Frankly, Edelman was never actively engaged in that collaborative process. 

By falsely claiming to have manipulated people engaged in honest negotiations, Stand for Children's leader jeopardizes the ability of education stakeholders to work collaboratively in the future. That can make it harder to improve education quality for children. That's wrong. 

What's worse is that these false claims clearly show an organizational agenda that has nothing to do with helping kids learn. 

Jonah Edelman's mischaracterization of the SB7 negotiations will not change our commitment to do what is right for kids and to make sure the adults are treated fairly.

However, his openness about Stand for Children's tactics and agenda will make it very difficult for any education advocate or politician to interact with the organization in the future.
# # #

Tuesday, July 12, 2011

Experts fly into town to make the necessary "tweaks"

"If it's something that's not working, then what are the tweaks that need to be made." -- Expert Jonathan Brice, heads the Office of Student Support and Safety in Baltimore City Public Schools
All the king's men...
Chicago's new schools chief, J.C. Brizard has assembled a team of "experts" from across the land to help him figure out how to put Humpty Dumpty back together again. The fall in this case is 15 years of mayoral control under Daley and his "miracle" makers -- Vallas, Duncan, and Huberman.

As far as I can tell, Brizard's list of "experts" is devoid of any Chicago classroom teachers and is mainly limited to middle bureaucrats, academics, and management types from various districts.
"It's like a forensic audit of the quality and effectiveness of teaching and learning," said Robert Peterkin, professor emeritus at Harvard Graduate School of Educationthe advisory team's chairman. 
Yes, forensic. That's the word I was looking for:
 (f-rnsk, -zk) -- Relating to the use of science or technology in the investigation and establishment of facts or evidence in a court of law:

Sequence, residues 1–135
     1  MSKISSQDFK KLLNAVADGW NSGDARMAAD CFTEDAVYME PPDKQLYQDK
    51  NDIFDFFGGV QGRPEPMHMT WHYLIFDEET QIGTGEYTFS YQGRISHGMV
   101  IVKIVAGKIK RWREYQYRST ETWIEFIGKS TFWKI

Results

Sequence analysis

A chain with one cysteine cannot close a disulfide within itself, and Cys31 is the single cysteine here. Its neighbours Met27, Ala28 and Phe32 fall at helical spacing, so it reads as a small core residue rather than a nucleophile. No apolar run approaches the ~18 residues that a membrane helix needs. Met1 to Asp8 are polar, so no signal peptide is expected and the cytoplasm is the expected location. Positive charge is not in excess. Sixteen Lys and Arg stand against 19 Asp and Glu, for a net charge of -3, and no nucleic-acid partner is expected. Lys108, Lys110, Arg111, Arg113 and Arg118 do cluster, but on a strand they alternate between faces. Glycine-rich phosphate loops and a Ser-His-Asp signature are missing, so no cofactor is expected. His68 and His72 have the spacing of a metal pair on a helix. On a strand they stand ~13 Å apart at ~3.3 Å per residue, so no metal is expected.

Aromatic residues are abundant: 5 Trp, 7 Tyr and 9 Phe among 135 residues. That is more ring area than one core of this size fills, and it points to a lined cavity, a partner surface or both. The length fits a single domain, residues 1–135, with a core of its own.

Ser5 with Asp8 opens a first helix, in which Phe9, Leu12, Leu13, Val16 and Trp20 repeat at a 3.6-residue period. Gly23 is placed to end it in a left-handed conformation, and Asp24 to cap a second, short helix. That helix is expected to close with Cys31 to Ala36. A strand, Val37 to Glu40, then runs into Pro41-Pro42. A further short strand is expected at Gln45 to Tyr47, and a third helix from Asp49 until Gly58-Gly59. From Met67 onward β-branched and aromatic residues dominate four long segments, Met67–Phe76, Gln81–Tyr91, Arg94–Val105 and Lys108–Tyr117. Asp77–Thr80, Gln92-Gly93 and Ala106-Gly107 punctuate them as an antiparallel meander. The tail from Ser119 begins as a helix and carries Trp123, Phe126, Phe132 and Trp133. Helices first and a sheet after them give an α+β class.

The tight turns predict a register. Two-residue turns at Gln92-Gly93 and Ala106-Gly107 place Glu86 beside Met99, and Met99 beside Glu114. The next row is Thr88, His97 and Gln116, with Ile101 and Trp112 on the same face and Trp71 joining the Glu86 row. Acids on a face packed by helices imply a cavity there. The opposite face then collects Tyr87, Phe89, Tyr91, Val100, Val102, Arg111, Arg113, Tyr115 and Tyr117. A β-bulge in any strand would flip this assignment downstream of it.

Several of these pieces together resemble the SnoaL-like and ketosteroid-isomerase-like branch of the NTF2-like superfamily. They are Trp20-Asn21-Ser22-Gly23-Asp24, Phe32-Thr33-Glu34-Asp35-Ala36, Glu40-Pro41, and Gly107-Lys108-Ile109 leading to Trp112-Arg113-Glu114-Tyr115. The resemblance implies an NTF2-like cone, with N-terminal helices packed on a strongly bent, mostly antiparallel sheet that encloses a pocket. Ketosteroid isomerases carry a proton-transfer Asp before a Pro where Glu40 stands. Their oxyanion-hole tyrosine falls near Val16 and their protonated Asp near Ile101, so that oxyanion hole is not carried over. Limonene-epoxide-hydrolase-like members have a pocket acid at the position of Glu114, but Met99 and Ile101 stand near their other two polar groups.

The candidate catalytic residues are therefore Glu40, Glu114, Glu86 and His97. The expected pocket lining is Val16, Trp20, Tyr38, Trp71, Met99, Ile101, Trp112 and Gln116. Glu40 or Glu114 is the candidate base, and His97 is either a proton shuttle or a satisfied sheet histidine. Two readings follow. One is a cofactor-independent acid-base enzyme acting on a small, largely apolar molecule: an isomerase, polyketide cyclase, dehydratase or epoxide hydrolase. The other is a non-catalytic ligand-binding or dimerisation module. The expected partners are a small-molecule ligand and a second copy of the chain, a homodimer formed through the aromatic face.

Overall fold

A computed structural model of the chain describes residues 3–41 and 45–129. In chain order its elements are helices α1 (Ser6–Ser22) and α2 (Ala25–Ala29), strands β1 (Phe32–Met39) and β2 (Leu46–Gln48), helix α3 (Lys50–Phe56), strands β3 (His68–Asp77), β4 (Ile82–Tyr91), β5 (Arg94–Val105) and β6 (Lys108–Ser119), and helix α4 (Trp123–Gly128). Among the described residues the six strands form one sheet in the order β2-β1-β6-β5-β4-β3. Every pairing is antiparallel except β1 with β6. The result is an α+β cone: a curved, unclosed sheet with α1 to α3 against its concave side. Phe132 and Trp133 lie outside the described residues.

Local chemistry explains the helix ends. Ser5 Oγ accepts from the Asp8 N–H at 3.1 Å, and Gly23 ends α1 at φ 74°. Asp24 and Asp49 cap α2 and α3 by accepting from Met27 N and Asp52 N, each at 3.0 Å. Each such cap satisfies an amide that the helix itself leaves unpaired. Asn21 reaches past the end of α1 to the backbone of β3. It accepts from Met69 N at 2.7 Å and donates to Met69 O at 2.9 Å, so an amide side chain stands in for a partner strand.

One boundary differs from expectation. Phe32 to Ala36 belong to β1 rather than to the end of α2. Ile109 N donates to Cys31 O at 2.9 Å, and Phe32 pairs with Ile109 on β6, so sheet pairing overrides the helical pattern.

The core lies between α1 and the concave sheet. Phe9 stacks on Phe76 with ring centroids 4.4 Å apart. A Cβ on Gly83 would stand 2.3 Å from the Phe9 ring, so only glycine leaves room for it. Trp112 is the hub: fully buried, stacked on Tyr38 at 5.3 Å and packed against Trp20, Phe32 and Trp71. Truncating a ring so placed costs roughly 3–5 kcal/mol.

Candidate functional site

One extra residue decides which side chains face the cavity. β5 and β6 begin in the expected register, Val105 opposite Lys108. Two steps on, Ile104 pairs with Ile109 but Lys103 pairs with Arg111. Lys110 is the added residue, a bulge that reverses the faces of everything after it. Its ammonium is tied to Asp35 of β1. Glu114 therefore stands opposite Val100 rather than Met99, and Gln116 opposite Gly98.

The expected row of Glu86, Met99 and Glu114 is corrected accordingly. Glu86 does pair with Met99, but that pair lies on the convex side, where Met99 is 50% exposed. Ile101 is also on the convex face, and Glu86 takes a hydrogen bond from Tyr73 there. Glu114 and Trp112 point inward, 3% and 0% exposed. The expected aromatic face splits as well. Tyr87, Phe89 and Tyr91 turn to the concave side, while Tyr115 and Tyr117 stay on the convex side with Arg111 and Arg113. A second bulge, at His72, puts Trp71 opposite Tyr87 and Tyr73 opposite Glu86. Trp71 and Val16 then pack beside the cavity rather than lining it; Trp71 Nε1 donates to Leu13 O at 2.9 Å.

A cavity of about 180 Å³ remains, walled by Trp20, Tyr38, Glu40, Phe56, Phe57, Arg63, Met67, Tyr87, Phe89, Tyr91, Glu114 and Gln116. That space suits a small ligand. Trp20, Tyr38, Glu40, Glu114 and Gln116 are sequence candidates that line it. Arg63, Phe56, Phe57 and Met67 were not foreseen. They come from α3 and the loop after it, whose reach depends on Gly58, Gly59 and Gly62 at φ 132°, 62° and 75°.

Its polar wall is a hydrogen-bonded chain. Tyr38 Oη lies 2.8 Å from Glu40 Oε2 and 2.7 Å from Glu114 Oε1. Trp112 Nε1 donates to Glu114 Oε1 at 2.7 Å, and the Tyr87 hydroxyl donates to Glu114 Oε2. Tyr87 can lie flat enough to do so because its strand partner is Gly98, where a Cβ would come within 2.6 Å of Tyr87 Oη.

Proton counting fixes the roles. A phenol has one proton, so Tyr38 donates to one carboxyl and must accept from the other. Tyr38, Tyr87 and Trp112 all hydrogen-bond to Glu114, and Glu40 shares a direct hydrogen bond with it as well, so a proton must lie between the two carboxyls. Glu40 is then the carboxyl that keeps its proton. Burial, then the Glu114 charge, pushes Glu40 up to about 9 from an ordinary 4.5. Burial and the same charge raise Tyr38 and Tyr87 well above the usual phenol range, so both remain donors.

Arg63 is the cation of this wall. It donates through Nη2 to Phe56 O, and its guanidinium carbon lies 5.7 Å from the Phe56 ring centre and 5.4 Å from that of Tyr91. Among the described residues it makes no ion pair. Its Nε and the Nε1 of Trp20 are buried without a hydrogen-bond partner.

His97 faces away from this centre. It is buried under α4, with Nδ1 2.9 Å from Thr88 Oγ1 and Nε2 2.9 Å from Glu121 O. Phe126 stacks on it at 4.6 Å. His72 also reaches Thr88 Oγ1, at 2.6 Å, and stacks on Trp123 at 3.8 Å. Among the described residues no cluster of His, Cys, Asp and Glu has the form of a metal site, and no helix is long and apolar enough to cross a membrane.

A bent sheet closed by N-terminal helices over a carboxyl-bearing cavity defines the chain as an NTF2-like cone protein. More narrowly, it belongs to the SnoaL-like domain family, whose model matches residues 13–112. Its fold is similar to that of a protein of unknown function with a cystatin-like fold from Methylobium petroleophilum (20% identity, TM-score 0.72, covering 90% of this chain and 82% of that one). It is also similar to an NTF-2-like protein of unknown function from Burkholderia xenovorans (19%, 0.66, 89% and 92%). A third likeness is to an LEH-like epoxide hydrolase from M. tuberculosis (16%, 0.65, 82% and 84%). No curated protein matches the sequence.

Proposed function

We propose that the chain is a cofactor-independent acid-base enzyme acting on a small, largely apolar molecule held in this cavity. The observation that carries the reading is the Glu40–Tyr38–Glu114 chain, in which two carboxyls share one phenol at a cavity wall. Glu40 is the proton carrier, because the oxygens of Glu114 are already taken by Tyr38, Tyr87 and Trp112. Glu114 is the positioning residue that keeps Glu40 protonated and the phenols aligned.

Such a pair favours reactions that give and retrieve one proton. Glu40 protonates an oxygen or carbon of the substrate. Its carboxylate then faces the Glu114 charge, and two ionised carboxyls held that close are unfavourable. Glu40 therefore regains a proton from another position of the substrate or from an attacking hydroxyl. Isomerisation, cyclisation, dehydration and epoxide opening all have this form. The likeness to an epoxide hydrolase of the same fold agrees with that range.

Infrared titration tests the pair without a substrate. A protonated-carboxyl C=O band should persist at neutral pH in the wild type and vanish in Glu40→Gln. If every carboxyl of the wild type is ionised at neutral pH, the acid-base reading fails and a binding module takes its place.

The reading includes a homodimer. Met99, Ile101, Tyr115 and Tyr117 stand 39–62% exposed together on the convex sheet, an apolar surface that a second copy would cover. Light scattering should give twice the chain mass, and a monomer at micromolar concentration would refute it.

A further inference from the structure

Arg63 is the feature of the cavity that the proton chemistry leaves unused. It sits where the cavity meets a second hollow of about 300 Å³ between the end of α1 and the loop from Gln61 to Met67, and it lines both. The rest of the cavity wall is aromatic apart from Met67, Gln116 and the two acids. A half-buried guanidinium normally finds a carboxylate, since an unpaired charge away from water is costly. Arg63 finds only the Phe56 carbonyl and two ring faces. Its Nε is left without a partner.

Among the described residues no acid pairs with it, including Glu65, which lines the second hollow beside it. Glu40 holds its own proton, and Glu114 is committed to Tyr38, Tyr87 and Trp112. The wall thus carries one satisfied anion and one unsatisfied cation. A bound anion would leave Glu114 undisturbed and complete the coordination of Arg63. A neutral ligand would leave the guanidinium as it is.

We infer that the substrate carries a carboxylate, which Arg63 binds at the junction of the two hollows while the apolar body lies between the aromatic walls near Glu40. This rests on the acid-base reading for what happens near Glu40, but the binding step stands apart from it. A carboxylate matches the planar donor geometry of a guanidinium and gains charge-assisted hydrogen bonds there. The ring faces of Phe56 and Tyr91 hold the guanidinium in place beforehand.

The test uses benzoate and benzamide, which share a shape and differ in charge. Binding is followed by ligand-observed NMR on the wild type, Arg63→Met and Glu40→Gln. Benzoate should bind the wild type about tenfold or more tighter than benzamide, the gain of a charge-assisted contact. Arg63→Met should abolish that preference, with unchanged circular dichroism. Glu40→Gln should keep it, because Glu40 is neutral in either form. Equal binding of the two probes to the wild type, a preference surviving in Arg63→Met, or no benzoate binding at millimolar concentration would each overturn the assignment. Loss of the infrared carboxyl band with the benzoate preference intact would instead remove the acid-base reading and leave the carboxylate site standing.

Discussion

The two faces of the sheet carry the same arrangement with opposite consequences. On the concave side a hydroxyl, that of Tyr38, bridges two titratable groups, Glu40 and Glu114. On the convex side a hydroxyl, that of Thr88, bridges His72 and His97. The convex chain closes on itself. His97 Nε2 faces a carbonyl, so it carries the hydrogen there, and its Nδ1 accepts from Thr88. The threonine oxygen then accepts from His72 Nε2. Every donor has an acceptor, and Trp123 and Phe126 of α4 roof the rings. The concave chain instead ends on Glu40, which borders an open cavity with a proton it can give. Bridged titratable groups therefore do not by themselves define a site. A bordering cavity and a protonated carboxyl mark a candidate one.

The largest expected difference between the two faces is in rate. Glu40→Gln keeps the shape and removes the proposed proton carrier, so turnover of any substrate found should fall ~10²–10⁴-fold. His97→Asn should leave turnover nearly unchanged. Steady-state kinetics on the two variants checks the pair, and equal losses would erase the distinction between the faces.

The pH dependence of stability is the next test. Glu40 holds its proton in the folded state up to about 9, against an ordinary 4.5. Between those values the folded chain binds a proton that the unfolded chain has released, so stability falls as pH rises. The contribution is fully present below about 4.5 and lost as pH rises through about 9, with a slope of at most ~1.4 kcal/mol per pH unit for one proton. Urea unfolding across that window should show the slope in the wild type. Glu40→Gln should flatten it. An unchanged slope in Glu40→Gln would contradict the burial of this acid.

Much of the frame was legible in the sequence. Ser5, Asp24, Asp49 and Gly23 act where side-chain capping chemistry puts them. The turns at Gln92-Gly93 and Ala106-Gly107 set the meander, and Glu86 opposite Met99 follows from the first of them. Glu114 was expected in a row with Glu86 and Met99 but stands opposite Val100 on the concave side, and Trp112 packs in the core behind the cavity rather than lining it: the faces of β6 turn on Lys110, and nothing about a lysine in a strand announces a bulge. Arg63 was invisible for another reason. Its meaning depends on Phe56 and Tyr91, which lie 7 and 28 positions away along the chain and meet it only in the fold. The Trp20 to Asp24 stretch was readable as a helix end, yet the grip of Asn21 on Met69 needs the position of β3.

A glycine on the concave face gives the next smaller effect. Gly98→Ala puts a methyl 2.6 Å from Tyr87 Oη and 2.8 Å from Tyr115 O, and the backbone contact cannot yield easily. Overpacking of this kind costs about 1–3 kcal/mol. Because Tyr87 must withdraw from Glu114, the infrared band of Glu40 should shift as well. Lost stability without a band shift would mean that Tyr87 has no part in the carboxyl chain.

It's like on T.V. Examining the body, looking for clues to use in arguments over who committed the crime. It sure doesn't sound like Brizard is really interested in really transforming teaching and learning. No, of course not. He admits it's actually about imposing the Common Core Curriculum on the district by the required 2014 date. How do do it without any teacher input. Isn't that always the challenge?

Brizard's team, includes Brice; Jaime Aquino, a former bilingual teacher who worked in the New York City school system with Brizard then went to Denver and is now the deputy superintendent of instruction at Los Angeles Unified School District; Washington, D.C., lawyer Maree Sneed, whose firm advises school districts; and Timothy Knowles, director of the University of Chicago's Urban Education Institute,

Monday, July 11, 2011

At the AFT conference in D.C.

NYT reports: Amid one of the most contentious periods in recent memory for teachers’ unions, the president of the American Federation of Teachers, Randi Weingarten, on Monday called for education reform that emanates from teachers and their communities, rather than from “those who blame teachers for everything.”
In an interview afterward, Weingarten condemned the Atlanta situation but pointed to the role of the local teachers’ unions in helping uncover it. The cheating itself, she said, was a byproduct of when “targets become more important than learning” and of a teaching climate that in many areas has become “intimidating, fearful and retaliatory.”